Nauseous Mice Can Help Scientists Understand the Human Brain

An experiment revealed something fascinating about appetites

Brain scan
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How does the brain process hunger? That line of inquiry is at the heart of a number of big scientific and medical questions right now – including the science behind popular drugs like Ozempic. But there are also different reasons why someone might not want to eat. You might not feel the urge to snack if you just ate a large meal; you also might not want to snack if you’re feeling nauseous. This prompted a group of scientists to look into an intriguing question: does the same part of the brain govern both responses?

Last month, those scientists published the results of their study in the journal Cell Reports. As they wrote in the paper’s summary, “The neural circuit mechanisms of appetite suppression by nausea are not well understood.” To learn more, they conducted an experiment using genetically modified mice. As Gillian Dohrn explained at Nature, the scientists discovered that a cluster of brain cells were active when the mice were nauseated but were not when the mice were simply full.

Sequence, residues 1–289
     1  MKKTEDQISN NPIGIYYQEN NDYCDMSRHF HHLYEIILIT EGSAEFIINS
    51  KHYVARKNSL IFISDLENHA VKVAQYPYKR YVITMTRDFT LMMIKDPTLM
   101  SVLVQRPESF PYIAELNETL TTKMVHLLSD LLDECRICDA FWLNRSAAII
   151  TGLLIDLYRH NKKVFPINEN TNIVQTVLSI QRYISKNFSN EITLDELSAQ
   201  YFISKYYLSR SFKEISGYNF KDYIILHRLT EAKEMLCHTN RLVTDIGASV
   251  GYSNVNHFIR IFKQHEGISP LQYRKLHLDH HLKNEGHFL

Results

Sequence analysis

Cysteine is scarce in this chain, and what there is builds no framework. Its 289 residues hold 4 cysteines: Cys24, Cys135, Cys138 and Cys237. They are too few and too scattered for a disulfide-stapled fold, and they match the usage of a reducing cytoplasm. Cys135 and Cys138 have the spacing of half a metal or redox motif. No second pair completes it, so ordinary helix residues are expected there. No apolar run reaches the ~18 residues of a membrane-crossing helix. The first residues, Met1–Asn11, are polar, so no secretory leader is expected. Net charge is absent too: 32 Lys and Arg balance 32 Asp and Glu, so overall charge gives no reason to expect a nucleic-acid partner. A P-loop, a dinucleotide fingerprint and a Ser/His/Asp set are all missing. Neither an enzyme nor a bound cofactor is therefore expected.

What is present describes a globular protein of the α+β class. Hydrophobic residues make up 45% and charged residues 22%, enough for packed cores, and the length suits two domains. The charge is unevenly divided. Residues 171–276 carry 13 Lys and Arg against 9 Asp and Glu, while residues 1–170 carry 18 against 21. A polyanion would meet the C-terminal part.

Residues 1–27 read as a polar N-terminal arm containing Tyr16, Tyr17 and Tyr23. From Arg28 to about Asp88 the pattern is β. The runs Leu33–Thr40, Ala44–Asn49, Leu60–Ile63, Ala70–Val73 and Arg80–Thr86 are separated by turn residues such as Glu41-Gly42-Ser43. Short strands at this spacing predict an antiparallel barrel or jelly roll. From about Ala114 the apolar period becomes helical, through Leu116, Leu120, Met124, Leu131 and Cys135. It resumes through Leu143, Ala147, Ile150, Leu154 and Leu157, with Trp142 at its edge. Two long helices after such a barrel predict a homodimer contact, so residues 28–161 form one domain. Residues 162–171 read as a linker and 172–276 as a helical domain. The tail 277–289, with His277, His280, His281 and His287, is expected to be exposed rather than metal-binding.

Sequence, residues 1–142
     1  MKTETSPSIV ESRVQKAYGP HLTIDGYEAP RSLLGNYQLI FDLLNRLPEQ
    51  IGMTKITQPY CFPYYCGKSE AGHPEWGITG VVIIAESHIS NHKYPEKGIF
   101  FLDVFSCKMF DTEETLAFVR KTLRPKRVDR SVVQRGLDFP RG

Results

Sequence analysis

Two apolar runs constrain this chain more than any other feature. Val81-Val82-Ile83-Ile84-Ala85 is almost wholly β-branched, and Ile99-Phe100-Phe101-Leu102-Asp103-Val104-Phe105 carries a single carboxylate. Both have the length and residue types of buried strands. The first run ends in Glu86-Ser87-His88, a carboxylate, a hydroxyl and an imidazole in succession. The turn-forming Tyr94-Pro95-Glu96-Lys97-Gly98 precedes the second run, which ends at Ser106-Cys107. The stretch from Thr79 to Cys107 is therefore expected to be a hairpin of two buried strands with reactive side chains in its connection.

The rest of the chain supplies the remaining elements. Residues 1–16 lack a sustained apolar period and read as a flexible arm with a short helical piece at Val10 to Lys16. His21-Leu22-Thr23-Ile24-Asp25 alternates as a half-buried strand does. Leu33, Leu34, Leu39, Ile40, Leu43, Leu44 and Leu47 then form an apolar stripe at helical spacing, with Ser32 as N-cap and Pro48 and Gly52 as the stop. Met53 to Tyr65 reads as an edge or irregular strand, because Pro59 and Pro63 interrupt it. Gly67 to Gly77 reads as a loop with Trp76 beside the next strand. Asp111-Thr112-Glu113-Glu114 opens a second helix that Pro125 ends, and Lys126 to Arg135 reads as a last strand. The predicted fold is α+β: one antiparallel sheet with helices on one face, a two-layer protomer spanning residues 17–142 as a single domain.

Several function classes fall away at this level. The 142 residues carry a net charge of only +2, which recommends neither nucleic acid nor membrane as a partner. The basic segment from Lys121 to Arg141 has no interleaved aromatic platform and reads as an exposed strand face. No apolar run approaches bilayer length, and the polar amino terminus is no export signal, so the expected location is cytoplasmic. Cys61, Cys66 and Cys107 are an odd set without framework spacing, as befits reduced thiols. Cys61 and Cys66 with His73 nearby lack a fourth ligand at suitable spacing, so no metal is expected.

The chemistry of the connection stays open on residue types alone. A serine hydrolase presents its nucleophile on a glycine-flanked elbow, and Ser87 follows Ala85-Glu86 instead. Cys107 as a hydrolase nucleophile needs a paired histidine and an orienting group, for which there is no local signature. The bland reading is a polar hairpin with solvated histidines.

All of this tells us more about the appetites of mice, but how does it apply to humans? As Haijiang Cai of the University of Arizona told Nature, “It’s going to be exciting in the future if we can target the neurocircuitry that controls satiation to suppress appetite, but not to cause nausea.”

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Getting a broader understanding of how the brain regulates appetite has plenty of applications, both for our overall understanding of how the body works to its use in weight-loss and diabetes drugs. Can mice help us get there? Stranger things have happened.

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